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Russia Expecting 3rd Largest Grain Harvest in Post-Soviet History

Russia, one of the world's top wheat exporters, will harvest its third-largest grain crop in post-Soviet history this year, leading Russian consultancy SovEcon said on Thursday after upgrading its forecast.

Farmers have managed to reap a large crop despite unfavorable weather last autumn, a weakening ruble, which inflated their costs, and government regulation, which has periodically curbed wheat exports since late 2014.

"Weather is always playing the key role for crops, we had very good spring rains which caused a good harvest of winter wheat," SovEcon head Andrey Sizov told a conference in Moscow.

"However, it's too early to say that this situation will be repeated next year: the latest ruble weakening means more expensive fertilizers and seeds, while farmers do not have that cash stock which they had last year."

The ruble has been hit by low oil prices and Western sanctions imposed over Moscow since 2014. It has been also volatile against the dollar in the last few days, prompting some farmers to put sales of their wheat on hold.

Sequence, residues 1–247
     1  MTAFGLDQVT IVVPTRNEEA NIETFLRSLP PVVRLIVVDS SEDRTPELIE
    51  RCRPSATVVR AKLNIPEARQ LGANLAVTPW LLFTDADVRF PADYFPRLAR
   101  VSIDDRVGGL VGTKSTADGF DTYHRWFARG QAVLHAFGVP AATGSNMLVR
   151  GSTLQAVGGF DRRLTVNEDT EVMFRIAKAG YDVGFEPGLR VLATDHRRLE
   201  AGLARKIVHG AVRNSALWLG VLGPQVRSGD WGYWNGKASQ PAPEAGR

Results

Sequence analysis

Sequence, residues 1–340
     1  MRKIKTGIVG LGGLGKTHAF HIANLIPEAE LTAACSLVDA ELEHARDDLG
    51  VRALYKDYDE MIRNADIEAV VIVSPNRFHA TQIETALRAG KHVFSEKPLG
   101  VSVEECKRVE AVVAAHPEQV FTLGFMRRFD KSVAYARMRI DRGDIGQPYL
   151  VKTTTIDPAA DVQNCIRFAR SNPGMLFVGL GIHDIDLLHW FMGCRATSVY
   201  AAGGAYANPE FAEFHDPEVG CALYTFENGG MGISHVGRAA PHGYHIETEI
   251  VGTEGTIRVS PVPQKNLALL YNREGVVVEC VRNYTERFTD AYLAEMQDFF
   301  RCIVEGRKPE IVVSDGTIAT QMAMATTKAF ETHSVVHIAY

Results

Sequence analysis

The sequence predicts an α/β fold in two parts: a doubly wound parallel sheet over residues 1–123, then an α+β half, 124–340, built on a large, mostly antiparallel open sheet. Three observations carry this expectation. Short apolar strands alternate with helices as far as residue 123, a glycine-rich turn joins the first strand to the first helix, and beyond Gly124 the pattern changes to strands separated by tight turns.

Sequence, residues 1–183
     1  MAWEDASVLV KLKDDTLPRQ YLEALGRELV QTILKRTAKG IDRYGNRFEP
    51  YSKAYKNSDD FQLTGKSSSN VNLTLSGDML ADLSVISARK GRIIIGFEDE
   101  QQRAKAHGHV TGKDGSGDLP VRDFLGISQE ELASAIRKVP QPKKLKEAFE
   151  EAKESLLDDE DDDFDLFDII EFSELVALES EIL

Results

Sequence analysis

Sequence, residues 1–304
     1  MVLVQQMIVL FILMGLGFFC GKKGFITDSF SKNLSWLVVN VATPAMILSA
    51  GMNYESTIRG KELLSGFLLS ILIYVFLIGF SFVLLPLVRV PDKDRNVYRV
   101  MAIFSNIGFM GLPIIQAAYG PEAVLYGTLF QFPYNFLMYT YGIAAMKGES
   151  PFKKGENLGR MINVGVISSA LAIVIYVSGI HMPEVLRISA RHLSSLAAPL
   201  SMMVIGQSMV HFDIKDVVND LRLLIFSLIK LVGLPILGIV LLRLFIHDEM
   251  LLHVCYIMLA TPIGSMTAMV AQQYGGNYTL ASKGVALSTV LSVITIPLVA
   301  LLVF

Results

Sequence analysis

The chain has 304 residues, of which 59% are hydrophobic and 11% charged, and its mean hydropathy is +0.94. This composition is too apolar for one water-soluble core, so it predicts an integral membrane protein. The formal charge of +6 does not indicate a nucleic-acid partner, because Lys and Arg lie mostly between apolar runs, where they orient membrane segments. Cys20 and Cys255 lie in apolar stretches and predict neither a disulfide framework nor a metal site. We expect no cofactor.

Farmers are now preparing for the most active period of winter grains sowing for next year's crop, but some regions have already started work, sowing 9 percent of Russia's total area.

SovEcon has increased its forecast for Russia's 2015 grain crop by 2 million tons to 101 million; its outlook for the wheat crop was raised to 61.3 million tons from 59.5 million.

Its estimate is still lower than the agriculture ministry, which sees the crop at 103 million tons of grain, down from 105 million in 2014 and a record crop of 108 million in 2008.

Ruble volatility is also causing uncertainty for Russian wheat exporters, whose costs depend on the state's floating tax on wheat exports, imposed from July. The government will consider changing it and the agriculture ministry has until Sept. 10 to submit its proposal.

So far, Russia's grain exportable surplus for the 2015/16 marketing year, started on July 1, is expected to be high, but the actual exports will really depend on the tax, SovEcon said.

It sees the 2015/16 grain exportable surplus at 31 million tons, down 300,000 tons on a year ago and the wheat surplus at 23 million tons, up 1 million on a year ago.

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